I was chatting with a local cop who’s been on the force for more than twenty years. I don’t know Charles very well so I was just making small talk, but since he seemed so approachable I felt free to ask him a tough question. “You have to deal with a lot of crap,” I bluntly began. “Every day you see people at their worst. How do you deal with that? How do you not lose all faith in humanity? And he said something that changed the way I think about people.
“Your 95 percent is what you are,” He declared. “What fills your days fills your mind. For example, you’re a writer and you work for Dave Ramsey. So, every day you spend your time thinking about ways to bring good stories to people. You help people get out of debt and live better lives. In our downtime, you and I may choose to be great fathers. We might coach our daughter’s softball team. We might spend quiet time with God, read a great book or learn a new skill; That’s our 95 percent. The people I deal with as a police officer? They come from terrible backgrounds. Most have no fathers, no structure, no foundation and no moral compass. There are entire communities where no one hears encouraging, hopeful words. There’s a lot of abandonment, hurt and anger. Their 95 percent is very different from yours and mine.”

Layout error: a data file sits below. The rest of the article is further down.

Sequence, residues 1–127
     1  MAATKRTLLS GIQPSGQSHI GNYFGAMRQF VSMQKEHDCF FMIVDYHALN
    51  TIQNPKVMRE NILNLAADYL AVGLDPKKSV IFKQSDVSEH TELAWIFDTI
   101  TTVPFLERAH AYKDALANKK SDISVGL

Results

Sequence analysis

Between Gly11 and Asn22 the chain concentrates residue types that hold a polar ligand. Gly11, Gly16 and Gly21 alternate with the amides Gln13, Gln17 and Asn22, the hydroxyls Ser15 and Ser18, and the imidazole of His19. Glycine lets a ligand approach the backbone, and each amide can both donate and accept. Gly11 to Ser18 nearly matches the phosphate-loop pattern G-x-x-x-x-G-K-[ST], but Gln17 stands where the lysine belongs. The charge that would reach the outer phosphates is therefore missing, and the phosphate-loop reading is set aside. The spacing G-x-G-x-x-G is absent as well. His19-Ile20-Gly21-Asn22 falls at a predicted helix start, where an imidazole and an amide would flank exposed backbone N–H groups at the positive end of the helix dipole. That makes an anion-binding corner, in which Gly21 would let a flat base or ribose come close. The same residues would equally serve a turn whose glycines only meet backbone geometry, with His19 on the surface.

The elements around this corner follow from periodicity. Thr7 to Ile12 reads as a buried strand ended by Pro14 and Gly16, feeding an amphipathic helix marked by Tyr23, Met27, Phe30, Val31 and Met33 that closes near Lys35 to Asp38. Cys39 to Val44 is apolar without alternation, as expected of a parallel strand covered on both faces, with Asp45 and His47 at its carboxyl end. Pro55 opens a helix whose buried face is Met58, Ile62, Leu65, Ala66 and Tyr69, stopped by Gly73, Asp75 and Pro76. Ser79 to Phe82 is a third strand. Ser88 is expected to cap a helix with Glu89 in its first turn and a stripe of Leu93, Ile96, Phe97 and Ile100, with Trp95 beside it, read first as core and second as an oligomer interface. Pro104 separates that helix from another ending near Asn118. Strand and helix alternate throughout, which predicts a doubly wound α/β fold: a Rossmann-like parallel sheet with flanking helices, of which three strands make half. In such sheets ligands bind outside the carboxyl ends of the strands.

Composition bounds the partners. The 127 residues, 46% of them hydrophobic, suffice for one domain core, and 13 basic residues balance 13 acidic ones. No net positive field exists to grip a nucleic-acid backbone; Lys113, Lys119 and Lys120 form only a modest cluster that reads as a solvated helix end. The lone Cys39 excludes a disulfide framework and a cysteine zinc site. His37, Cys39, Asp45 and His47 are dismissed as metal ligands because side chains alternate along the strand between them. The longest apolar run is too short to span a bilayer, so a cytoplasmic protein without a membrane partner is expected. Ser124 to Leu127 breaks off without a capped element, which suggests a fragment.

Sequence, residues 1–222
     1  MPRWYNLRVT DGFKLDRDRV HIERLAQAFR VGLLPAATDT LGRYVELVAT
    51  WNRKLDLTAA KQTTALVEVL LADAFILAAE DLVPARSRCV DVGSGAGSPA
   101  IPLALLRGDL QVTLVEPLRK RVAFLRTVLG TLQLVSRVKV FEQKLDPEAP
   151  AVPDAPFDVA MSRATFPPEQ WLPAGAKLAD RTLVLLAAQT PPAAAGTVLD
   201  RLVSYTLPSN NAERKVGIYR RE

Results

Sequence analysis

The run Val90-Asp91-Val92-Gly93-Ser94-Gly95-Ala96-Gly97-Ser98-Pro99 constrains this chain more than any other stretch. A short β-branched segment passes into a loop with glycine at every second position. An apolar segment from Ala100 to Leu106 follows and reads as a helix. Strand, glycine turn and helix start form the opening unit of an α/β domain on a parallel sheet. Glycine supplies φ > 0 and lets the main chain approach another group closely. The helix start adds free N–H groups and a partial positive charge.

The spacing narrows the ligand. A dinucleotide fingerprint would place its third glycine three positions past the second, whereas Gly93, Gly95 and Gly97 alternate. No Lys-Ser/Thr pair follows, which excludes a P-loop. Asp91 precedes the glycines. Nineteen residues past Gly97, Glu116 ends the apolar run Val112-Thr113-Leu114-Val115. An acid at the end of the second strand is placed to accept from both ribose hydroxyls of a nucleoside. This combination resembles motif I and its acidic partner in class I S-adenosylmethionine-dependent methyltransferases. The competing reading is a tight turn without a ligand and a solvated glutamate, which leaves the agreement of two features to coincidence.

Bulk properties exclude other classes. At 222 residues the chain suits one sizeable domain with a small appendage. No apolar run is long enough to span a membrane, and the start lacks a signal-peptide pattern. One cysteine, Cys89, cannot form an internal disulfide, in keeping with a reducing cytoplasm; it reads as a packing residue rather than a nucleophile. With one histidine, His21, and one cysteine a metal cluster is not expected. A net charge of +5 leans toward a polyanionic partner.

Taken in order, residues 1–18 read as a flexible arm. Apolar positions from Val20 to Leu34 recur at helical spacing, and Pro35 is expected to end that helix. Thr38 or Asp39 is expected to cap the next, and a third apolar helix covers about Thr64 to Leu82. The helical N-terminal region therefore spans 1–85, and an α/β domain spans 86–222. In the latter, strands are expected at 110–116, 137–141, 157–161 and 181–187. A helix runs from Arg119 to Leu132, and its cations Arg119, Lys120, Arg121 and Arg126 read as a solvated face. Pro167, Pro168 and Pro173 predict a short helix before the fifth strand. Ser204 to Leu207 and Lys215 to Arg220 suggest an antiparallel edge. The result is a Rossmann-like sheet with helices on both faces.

Charles is right. Imagine a ten-year-old boy who doesn’t even know who his father is; he just knows he didn’t stay. The people who are in his life wind up in prison or dead. He has been made to feel like a mistake. What does he think about all day? What does he listen to? What does he see? What’s his 95 percent?”
What’s yours? What can you be intentional about changing today? What can you cut out of your life? Who can you “unfollow?” What can you just stop engaging in? What are you reading, watching, and hearing? What are your conversations about? What language do you use? Is it good? What did you do last week, last month, this year to improve where you are?
Is it time to reconsider your 95 percent?